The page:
You can visit them on Facebook, Twitter, Instagram, and Linkedin, and learn more about their classes, which are provided to elementary, secondary, and university students, as well as teachers and others.

We look forward to what the Hofstra Museum of Art comes up with for their 8th Slow Art Day in 2023.

– Ashley, Johanna, Jessica Jane, Robin, and Phyl

War and Peace at El Nido Art Space in Los Angeles


On April 2, 2022, the El Nido Art Space presented by VC Projects in Los Angeles, CA hosted their first Slow Art Day, which focused on a two-person exhibition titled “War and Peace” (Ukrainian Voices) by Denys Kushnarov, a Kyiv-based filmmaker, and Yuri Boyko, an LA-based Ukranian-American photographer and artist.

The in-person event featured six short films about Ukraine, which Kushnarov is associated with:

  • “Make Music Not War!” (made after the Donbas region and Crimea Peninsula were annexed by Russia)
  • “Rocketman”
  • “United System”
  • “There is a Place” (dedicated to the Chernobyl tragedy)
  • “Annihilation”
  • Memorial Choir “Ukraina”

Kushnarov also wrote “A Message from Ukraine,” a letter to the world based on the current Russian invasion of Ukraine.

The exhibition also featured the photography series, “Departure and Arrival”, by Boyko, which presented written prose and a visual exploration of the LA-based Ukranian-American artist’s grandmother’s home in Ukraine. Boyko visited the home after 30 years of absence, and found that all family rituals and traditions were still intact. His photographs capture a past that has now been destroyed.

Yuri Boyko, “Departure and Arrival (X)”, photography, pigment print on canvas, 8.5 x 11 in. single edition
Yuri Boyko, “Departure and Arrival (I)”, photography, pigment print on canvas, 8.5 x 11 in. single edition
Yuri Boyko, “Departure and Arrival (IV)”, photography, pigment print on canvas, 8.5 x 11 in. single edition

Victoria Chapman, Founder and Director of VC Projects, curated the exhibition by contacting the two artists in the wake of the Russian invasion. She writes, “What could be more relevant for Slow Art Day … taking pause to reflect on art and humanity.”

The event was attended by 50 guests, and was promoted on their website, where you can find links to the videos and view more of the photography. You can also check out more from VC Projects and the El Nido Art Space on Instagram at VC Projects and El Nido Art Space. Below is a flyer used to promote the event:

We at Slow Art Day HQ are deeply saddened by the ongoing conflict in Ukraine, and are glad to see communities come together to reflect on art and humanity.

Ashley, Phyl, Jessica Jane, and Johanna

First Slow Art Day in Gard, France

On April 2, 2022, artist Christine Cougoule held her first Slow Art Day at Showroom Chris & Co. in Gard, France.

Installation in the showroom.

Christine led three one-hour four-step slow-looking sessions:

  • Welcome with a quick mindfulness session
  • Look slowly at 3 works for 10 minutes each
  • End with a quick mindfulness session
  • Discuss words that come to mind while sharing tea

We like this approachable design, which integrates mindfulness (and tea), and encourage the global community to consider copying what she’s done.

Below is some of the art she featured.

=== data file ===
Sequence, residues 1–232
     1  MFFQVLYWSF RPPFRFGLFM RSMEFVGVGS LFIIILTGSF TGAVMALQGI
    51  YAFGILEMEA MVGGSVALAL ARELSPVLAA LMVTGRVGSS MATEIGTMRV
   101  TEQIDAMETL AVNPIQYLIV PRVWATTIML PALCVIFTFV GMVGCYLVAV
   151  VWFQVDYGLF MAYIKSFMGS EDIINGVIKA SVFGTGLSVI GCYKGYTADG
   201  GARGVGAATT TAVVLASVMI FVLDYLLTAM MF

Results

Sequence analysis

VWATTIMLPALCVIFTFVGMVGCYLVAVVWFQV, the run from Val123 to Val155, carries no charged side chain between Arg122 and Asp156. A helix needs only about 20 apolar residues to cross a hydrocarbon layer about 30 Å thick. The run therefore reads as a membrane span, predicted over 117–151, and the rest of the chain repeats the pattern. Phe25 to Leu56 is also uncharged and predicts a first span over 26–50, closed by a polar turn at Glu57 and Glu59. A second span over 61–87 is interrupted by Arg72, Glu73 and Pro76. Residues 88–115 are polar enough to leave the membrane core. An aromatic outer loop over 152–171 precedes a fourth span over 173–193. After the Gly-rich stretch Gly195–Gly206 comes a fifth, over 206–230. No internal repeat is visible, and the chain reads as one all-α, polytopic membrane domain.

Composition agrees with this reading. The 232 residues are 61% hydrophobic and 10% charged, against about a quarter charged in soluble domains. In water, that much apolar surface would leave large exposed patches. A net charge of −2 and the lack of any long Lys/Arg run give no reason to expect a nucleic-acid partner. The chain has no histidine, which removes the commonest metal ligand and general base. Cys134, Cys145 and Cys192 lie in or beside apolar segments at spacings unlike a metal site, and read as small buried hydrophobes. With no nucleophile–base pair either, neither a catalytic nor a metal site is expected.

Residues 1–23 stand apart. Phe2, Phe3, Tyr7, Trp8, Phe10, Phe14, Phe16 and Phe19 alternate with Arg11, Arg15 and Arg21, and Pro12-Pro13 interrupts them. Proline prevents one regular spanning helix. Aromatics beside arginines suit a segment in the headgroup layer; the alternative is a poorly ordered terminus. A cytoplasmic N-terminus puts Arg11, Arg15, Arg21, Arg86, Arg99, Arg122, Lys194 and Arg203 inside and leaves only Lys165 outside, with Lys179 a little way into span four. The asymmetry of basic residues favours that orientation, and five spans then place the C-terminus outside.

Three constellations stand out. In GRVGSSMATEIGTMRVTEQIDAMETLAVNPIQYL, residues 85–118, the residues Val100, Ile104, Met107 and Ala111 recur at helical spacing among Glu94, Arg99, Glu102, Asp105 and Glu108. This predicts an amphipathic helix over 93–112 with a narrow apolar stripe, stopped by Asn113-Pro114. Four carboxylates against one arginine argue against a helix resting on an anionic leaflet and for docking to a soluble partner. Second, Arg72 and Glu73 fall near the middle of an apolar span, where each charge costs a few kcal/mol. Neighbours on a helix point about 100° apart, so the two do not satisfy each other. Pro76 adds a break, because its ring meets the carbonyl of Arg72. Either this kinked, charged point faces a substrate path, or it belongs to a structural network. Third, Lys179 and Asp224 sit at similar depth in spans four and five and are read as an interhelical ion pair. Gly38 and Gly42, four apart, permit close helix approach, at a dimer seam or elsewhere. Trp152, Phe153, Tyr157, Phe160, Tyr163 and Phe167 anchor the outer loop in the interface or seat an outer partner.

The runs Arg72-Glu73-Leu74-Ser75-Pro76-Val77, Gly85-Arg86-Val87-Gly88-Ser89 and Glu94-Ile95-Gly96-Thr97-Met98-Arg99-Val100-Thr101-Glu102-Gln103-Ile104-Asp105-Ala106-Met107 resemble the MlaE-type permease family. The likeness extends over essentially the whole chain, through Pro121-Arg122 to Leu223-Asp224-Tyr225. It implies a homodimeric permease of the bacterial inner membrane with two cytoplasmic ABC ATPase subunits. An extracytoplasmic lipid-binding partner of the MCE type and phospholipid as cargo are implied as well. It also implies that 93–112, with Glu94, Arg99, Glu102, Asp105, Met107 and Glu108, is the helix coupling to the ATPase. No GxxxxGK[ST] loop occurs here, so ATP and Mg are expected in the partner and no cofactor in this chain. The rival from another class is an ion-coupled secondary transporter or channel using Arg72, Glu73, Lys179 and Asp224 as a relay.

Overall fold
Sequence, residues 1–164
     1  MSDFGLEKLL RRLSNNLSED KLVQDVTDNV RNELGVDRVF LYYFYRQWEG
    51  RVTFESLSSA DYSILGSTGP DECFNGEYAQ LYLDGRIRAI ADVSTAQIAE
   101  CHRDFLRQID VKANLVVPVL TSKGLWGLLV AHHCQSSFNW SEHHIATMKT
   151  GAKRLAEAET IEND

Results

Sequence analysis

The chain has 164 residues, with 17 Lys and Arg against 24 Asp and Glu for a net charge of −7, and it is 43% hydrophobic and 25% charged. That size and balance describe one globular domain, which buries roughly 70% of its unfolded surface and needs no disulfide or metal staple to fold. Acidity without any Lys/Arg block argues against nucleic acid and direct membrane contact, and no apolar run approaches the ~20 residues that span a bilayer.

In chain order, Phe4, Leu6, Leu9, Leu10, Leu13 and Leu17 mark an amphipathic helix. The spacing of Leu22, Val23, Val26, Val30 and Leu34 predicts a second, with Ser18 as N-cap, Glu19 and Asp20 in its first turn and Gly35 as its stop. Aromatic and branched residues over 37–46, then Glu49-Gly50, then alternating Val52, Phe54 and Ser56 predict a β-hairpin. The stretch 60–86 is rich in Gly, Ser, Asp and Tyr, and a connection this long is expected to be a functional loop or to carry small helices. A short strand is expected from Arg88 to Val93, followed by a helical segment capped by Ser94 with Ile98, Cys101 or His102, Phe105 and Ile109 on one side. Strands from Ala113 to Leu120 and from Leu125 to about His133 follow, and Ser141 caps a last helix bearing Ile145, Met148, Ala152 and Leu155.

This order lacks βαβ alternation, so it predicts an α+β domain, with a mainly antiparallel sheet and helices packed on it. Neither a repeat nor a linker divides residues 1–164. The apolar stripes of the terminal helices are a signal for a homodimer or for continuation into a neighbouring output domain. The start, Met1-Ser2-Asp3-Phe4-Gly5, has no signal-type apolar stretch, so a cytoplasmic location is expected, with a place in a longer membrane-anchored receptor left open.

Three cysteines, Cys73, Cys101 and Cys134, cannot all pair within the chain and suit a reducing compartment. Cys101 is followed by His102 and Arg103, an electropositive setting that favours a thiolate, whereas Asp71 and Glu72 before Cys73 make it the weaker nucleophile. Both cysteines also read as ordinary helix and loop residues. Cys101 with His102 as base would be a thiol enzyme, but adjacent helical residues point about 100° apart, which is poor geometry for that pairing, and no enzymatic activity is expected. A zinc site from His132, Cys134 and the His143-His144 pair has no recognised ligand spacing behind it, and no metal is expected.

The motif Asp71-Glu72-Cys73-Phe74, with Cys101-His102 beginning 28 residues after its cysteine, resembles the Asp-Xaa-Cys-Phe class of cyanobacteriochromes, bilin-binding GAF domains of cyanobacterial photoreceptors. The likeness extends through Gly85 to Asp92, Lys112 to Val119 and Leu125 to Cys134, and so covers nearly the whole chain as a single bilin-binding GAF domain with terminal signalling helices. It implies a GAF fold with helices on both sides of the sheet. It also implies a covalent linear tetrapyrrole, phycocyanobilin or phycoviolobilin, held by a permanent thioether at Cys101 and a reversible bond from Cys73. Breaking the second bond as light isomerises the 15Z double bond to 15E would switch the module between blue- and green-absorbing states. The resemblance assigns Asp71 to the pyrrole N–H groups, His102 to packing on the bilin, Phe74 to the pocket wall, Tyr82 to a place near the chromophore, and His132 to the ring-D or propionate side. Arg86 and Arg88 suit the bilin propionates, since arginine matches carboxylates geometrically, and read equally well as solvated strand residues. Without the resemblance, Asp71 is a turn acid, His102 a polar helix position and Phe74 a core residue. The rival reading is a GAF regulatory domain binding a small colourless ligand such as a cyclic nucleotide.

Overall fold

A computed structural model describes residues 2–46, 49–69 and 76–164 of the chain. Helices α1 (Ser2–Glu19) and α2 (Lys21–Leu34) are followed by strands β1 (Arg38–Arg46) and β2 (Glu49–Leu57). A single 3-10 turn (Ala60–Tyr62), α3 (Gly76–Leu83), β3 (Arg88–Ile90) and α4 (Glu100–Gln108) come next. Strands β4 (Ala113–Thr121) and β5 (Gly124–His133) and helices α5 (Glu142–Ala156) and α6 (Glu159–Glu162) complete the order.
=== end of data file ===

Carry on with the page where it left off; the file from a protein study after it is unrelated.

Canvas mixed media on paper.

Canvas mixed media: acrylic, ink, charcoal, hand made paper.

Christine publicized her event on both Facebook and Instagram in advance with the below flyer: 

She plans to lead more Slow Art Day sessions throughout the year. Keep a lookout for these on her Facebook and Instagram.

We are thrilled to welcome Christine to the Slow Art Day community, and look forward to her participation in 2023.

Ashley, Phyl, Johanna, Jessica Jane

Slow Looking & Mindfulness in Singapore

Singaporean gallery ARTualize participated in their 2nd Slow Art Day by offering their year-long Mindfulness with Paintings class for free on the day of the event, and throughout April. Sok Leng, museum instructor, guided participants to look mindfully and slowly at the painting “By the River Seine” by established Singapore artist Low Hai Hong. They then had a discussion about the feelings the painting conjured up.

“By the River Seine” by artist Low Hai Hong. Medium: Oil on Canvas. Year: 2001.

Photo credit: ARTualize.

“Looking at paintings slowly gave me a deeper appreciation of the painting and a better understanding of myself through the art.”

Michelle, Slow Art Day Participant

ARTualize’s Slow Art Day event was also featured on Singapore’s main news broadcast channel Chinese Mediacorp Channel 8 News a few weeks after the event, and was the first time Slow Art has been featured on Singapore TV.

You can watch the TV segment below.

Educators and curators may want to copy the simple design of their weekly 1.5 hour Mindfulness with Paintings sessions, which are held every Saturday throughout the year:

1 – Concept – Introduce mindfulness and basic mindfulness techniques. 

2 – Practice – Look at selected paintings slowly and mindfully (at least 1 minute for each painting). 

3 – Discussion – Reflect upon the experience and realize how different paintings (and for that matter, life in general) feel, when we are mindful and when we take our time to slowly savour.

When we originally launched Slow Art Day in 2010, we wanted, in part, to inspire museums to produce year-round slow looking programming – and that has happened. In fact, slow looking programming has become so mainstream that ARTualize began slow looking sessions *before* they later joined Slow Art Day. We love this development!

Check them out on Facebook and Instagram.

We also encourage you to look more at the work of artist Low Hai Hong, and read about his journey, including pioneering the painting of oil on Chinese rice paper.

Ashley and Phyl